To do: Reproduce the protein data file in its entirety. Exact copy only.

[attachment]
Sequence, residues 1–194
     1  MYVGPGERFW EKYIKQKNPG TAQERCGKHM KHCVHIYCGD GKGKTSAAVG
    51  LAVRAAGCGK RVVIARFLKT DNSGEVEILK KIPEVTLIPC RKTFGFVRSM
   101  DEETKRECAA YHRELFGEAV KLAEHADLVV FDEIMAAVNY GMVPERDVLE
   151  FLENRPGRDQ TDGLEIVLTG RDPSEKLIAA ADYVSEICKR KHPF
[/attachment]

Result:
Sequence, residues 1–194
     1  MYVGPGERFW EKYIKQKNPG TAQERCGKHM KHCVHIYCGD GKGKTSAAVG
    51  LAVRAAGCGK RVVIARFLKT DNSGEVEILK KIPEVTLIPC RKTFGFVRSM
   101  DEETKRECAA YHRELFGEAV KLAEHADLVV FDEIMAAVNY GMVPERDVLE
   151  FLENRPGRDQ TDGLEIVLTG RDPSEKLIAA ADYVSEICKR KHPF